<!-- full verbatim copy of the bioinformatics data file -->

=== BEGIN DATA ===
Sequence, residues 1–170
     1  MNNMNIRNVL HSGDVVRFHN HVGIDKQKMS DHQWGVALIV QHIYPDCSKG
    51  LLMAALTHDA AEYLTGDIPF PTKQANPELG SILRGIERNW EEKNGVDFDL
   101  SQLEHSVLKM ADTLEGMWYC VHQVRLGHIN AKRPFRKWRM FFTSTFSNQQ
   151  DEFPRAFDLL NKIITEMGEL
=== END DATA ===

Sequence, residues 1–170
     1  MNNMNIRNVL HSGDVVRFHN HVGIDKQKMS DHQWGVALIV QHIYPDCSKG
    51  LLMAALTHDA AEYLTGDIPF PTKQANPELG SILRGIERNW EEKNGVDFDL
   101  SQLEHSVLKM ADTLEGMWYC VHQVRLGHIN AKRPFRKWRM FFTSTFSNQQ
   151  DEFPRAFDLL NKIITEMGEL